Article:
BenevolentAI, a UK company using artificial intelligence for drug development, has raised $115 million in new funding, mostly from undisclosed investors in the United States. Existing backer Woodford Investment Management also participated in the round, which brings the company’s total funds raised to over $200 million.
“We are very pleased with the response to the fundraising," Ken Mulvany, founder and chairman of BenevolentAI, said in a statement. “It reflects the rapidly growing global interest in the AI pharmaceutical sector and the recognition of our place as the dominant player within it. We have come a very long way since we founded the business in 2013. The capabilities of our technology didn’t exist six years ago. We are the pioneers in this sector and have evolved into a fully integrated, AI-enabled drug development company with the ability to deliver better medicines at previously unimaginable speeds — this ultimately means patients will receive the right medicines, at a lower cost, in less time.”
The company is harnessing the power of machine learning for the task of drug discovery. The company doesn’t develop the drugs itself, nor does it license out the AI software to drug companies. Instead, the company sells the intellectual property discovered by the algorithm.
"The traditional approach to drug discovery and development was driven by individual experts, working within an environment that was exceptionally inefficient and disordered in driving innovation," Mulvany wrote in . "The best-read individuals would often dominate the conversation, influencing their peers and driving invention forward based on their singular understanding. This created boundaries to the exploration of new ideas and resulted in ‘innovation entropy’. Unwittingly, we were limiting the potential of our scientific community, their capacity for creative invention, and the profound potential benefits of the application of their ideas in society."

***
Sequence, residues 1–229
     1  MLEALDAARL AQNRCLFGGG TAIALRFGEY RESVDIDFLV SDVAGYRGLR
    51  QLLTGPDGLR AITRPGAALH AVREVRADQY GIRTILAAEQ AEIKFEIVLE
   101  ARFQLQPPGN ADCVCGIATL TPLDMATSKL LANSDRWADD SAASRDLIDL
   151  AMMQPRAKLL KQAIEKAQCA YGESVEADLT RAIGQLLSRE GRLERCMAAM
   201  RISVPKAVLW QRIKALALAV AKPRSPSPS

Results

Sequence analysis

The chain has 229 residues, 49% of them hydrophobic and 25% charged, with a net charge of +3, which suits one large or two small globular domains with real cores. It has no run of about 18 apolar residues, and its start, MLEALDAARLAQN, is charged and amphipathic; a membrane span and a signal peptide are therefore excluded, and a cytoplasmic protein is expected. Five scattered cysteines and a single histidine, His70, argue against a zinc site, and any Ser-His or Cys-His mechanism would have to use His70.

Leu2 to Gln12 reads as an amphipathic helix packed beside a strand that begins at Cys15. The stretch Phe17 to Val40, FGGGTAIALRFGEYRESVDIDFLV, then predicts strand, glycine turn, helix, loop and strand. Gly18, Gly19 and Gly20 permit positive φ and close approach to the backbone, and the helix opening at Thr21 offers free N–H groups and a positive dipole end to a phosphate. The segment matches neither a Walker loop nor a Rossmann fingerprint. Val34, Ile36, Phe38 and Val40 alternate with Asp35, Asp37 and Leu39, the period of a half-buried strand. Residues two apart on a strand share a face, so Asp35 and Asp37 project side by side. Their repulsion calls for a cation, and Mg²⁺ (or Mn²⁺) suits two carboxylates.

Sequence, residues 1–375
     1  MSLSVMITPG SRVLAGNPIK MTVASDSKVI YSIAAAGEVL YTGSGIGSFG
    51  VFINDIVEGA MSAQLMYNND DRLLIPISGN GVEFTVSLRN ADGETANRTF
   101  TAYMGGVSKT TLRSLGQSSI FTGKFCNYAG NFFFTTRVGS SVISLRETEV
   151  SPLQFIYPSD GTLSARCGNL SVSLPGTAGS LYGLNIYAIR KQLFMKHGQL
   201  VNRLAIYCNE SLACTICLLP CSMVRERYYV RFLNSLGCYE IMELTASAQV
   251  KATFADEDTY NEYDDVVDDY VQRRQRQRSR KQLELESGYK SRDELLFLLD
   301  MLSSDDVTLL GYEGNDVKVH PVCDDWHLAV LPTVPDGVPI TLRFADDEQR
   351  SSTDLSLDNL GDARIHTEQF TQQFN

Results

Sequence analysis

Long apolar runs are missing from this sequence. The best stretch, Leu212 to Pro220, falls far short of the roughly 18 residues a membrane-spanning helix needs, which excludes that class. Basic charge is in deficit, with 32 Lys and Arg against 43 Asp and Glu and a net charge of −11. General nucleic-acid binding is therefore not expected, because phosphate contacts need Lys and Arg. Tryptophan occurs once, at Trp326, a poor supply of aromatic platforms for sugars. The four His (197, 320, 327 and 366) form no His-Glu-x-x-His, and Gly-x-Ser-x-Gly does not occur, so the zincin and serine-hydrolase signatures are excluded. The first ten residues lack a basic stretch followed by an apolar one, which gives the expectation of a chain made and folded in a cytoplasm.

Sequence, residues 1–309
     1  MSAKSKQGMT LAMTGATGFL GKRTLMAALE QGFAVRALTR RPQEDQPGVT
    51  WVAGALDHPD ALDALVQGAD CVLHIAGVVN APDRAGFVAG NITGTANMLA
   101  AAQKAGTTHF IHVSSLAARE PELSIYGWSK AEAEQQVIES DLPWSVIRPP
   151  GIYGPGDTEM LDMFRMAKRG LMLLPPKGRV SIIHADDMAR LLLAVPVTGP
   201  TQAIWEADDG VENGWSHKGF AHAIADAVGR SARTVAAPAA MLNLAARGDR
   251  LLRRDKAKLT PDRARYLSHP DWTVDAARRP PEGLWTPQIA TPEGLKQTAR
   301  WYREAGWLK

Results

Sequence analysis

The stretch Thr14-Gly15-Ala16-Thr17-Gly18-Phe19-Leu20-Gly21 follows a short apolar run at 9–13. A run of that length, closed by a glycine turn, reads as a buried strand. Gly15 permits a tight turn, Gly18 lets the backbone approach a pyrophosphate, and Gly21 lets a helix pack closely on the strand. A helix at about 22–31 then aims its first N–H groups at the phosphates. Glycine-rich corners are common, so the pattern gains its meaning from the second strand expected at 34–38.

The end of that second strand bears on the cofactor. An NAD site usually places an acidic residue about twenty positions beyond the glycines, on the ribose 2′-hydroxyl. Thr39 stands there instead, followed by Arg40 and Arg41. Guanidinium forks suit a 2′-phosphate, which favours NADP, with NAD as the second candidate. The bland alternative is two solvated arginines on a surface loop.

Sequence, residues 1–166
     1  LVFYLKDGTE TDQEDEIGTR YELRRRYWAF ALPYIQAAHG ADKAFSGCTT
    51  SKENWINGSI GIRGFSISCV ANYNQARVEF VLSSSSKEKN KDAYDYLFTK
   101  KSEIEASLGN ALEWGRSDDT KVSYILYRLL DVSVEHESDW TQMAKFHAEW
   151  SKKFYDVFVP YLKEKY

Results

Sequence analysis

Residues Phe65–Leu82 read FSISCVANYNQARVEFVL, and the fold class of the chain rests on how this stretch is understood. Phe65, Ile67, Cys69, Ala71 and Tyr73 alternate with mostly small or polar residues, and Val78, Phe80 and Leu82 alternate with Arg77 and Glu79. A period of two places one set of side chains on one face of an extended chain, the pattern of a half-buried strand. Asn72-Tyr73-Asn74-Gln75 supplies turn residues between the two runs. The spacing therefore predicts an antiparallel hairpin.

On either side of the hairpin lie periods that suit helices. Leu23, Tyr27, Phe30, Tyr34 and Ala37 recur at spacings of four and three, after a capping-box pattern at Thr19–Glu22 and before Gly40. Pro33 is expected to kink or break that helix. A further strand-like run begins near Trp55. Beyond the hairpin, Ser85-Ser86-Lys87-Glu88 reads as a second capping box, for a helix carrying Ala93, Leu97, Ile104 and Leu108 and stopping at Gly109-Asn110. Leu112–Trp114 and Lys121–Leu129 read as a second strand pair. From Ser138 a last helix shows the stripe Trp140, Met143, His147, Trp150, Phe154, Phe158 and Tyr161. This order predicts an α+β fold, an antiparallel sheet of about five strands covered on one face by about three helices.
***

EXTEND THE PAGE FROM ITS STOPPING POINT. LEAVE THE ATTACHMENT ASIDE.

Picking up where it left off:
BenevolentAI claims to cut drug development timelines by four years and improve efficiencies by 60 percent compared to pharma industry averages.
"When founding the company, we thought big and, crucially, we thought specific," Mulvany wrote. "From the beginning, I wanted to reinvent and disrupt the entire end-to-end drug development process that was not reliant on the existing fragmented and vastly inefficient drug development industry ecosystem. We set out to create a directional, consequential, and exquisite technology specific to bioscience. To do this we built our team and technology with a commitment to deep drug development expertise and state-of-the-art AI, and crucially, we did it with start-up attitude."
The company has already discovered 11 new drug targets. It will use the new funding to scale development activities, improve the capabilities of its AI, and extend into more disease areas (current areas include motor neuron disease, Parkinson’s disease, glioblastoma, and sarcopenia).
The funds will also be used to develop new businesses outside of health, including materials, agriculture, and energy.